Stolen Water, Secret BreadFr. Barnabas Powell
Oscar Wilde said that “Experience is merely the name men gave to their mistakes.”
And yet, we don’t seem to learn from our mistakes very often. Over and over again, we revisit some bad choice either until it kills us or we actually learn to stop doing that. I have a dear friend who grieves a loved one gripped by addiction to narcotics. He once confided in me he was steeling himself for the phone call that would tell him this dear one had died of an overdose or some accident caused by his addiction. And then he looked at me with some of the saddest eyes I’d ever seen and asked “Why doesn’t he learn?” Indeed, why?
But I could ask myself the same question. And, if you’re honest, you could ask yourself the same question too. Why don’t we truly learn from our mistakes? What is broken within us that has us traveling the same wrong road over and over again? If you’re brave enough and humble enough, there is an answer to this question. But, I’m warning you, it won’t be an easy or pleasant answer. OK, here goes…
Look at our lesson today in Proverbs 9:12-18:
If you are wise, you are wise for yourself; if you scoff, you alone will bear it. A foolish woman is noisy; she is wanton and knows no shame. She sits at the door of her house, she takes a seat on the high places of the town, calling to those who pass by, who are going straight on their way, “Whoever is simple, let him turn in here!” And to him who is without sense she says, “Stolen water is sweet, and bread eaten in secret is pleasant.” But he does not know that the dead are there, that her guests are in the depths of Sheol.
I love these lessons from Proverbs. We don’t read this treasure trove of wisdom nearly enough in our lives. And it is absolutely a treasure indeed. What if you were to read a portion of this book each night to your children before bed? Just a thought.
Look at what treasure we have today.
First, notice that wisdom begins with yourself. A wise man once told me about the key to good preaching flows from a regular tending to your own soul to feed your soul with good things so that you aren’t dipping from an empty well when you are preaching to your congregation. Well, what’s true for preaching is true for living. If you aren’t regularly refreshing your soul with nutritious spiritual food, then you can’t be surprised when you “run out of gas” in your living well. You have to make sure your daily routine includes spiritual nourishment if you are going to stay spiritually healthy. There just isn’t a shortcut to this way, dear one. And this is the first part of the difficult answer. Know Yourself! Be honest with yourself! Start with yourself!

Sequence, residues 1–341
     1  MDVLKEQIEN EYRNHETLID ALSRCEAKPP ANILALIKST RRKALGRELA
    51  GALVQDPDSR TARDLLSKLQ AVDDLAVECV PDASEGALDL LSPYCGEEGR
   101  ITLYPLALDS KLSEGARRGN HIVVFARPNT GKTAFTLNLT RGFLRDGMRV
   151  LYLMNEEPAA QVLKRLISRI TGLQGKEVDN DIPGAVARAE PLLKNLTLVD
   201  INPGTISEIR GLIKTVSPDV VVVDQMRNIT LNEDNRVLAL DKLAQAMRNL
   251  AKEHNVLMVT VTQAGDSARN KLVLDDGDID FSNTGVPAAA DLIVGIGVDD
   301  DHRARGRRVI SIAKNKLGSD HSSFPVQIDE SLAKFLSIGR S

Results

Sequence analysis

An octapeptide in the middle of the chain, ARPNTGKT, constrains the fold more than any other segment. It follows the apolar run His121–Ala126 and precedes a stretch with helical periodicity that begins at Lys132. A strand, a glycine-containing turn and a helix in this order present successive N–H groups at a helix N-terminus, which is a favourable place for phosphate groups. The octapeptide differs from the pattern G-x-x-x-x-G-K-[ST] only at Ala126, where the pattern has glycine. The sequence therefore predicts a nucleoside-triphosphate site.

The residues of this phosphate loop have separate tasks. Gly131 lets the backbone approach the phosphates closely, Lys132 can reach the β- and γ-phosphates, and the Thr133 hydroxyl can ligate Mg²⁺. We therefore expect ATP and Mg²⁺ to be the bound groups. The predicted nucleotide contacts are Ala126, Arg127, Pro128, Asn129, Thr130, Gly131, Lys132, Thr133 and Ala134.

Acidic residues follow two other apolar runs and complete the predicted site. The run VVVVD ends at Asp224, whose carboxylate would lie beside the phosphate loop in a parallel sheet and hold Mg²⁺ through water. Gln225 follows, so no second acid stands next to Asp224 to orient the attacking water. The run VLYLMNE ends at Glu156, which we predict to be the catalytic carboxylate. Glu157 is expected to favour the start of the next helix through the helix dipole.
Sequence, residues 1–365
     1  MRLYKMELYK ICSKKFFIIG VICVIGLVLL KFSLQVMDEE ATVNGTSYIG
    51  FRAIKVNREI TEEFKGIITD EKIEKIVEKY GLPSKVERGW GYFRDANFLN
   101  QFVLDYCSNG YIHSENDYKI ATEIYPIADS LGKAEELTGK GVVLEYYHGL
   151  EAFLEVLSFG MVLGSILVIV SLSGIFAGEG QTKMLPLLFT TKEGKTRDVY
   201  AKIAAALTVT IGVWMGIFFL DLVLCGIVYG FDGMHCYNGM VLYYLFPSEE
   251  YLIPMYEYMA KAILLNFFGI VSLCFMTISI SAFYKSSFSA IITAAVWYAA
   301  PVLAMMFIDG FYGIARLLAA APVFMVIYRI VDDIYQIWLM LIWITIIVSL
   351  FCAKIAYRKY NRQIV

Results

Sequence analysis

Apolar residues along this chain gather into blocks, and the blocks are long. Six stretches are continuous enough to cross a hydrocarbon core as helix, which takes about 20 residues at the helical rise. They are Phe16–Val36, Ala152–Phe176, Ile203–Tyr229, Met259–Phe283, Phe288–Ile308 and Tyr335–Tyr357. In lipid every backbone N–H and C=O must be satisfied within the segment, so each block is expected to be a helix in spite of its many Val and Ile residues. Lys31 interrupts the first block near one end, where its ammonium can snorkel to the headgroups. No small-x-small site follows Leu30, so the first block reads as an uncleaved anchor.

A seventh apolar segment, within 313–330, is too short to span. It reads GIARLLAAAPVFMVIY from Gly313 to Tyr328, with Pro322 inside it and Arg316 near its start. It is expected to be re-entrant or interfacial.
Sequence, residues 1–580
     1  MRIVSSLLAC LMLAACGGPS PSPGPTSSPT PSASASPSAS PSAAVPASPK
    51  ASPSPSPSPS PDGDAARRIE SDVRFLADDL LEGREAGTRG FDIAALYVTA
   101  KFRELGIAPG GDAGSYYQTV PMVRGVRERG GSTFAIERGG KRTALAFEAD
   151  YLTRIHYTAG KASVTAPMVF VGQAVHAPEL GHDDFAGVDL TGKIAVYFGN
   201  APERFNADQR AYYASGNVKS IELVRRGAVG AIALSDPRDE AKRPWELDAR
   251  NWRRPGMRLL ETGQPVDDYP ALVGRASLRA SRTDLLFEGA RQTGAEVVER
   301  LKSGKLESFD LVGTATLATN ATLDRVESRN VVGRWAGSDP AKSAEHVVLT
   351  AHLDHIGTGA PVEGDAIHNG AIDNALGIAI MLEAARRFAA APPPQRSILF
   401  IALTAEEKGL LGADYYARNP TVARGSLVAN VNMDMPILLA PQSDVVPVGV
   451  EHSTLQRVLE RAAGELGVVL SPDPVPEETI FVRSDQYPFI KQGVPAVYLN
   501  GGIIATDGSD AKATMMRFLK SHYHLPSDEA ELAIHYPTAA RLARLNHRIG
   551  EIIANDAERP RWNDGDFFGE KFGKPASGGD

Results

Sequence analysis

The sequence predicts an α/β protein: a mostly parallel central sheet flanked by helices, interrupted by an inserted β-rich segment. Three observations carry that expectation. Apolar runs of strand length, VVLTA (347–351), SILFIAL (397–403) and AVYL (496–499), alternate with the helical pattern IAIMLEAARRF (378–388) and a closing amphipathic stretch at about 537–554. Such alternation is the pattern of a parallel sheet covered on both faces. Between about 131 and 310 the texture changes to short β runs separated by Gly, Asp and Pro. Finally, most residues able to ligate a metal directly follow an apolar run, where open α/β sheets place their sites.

But a rejection of wisdom and wise choices also begins individually as well. You see, the health or illness of a soul starts long before the actions show the symptoms of either. The inner workings of my heart are either tended to or ignored and that always leads to consequences that show up in my choices, behaviors, and actions. My priorities in life reveal my true self. But knowing that won’t help me if I don’t FIRST wake up to the inner workings of my heart and mind. Do you take time to examine your thoughts and your inner conversations? Are you regularly working on knowing yourself through the wonderful mystery of confession to your spiritual father? So much treasure is available to you! So many spiritual medicines waiting for the exercise of your will to heal!
My internal life won’t be ignored. It will keep producing consequences until I either embrace the chaos of my heart or determined to finally begin the hard work of taming the “wild west” selfishness that drives my foolish mistakes.
And the good news is we have an absolutely perfect path to tame those passions in the lifestyle of Normal Orthodoxy. The way of Orthodox Christianity is all-encompassing. It’s the reason why so many look at Orthodoxy and say “Wow, that’s a lot to take in.” Yes, it is. But the reason for that is our modern society has conned us into believing that “simple”+ means “easy.” It isn’t. In fact, “simple” is profound and profoundly challenging. It means learning how to navigate the mysteries of your own heart and you are going to need a trustworthy guide for such an adventure!
If you are going to escape the gravitational pull of your bad choices, you need the added power of God’s grace to break the gravity of hell. And that’s where the Church comes in. The Church offers you the path to wisdom based on reality and not the fantasy of your own pride. Go to confession. Regularly prepare and partake in the Eucharist. Learn the prayers of the Church. Be a Normal Orthodox Christian!
Saint Aristobulos, the brother of Saint Barnabas, was ordained to be a bishop in Britain by the Apostle Paul, who mentions him in his epistle to the Romans (16:10). He was persecuted by the pagans in the area, but also brought many to Christ. The establishment of Orthodox Christianity in Britain means this far-flung part of the Roman Empire also shares the treasured heritage of Orthodoxy as the rest of the Empire. Having established the Church there, he finally reposed in peace.
Today, are you ready to begin the journey of self-control, taming the passions so that they serve you rather than the other way around? Then you are ready to start with the simple, yet profound, wisdom of the Orthodox Christian Faith. The Faith that gives you the guidance to navigate your own heart and teaches you how to be a Normal Orthodox!
P.S. O Holy Apostle Aristobulos, intercede to our merciful God, that He may grant our souls forgiveness of sins.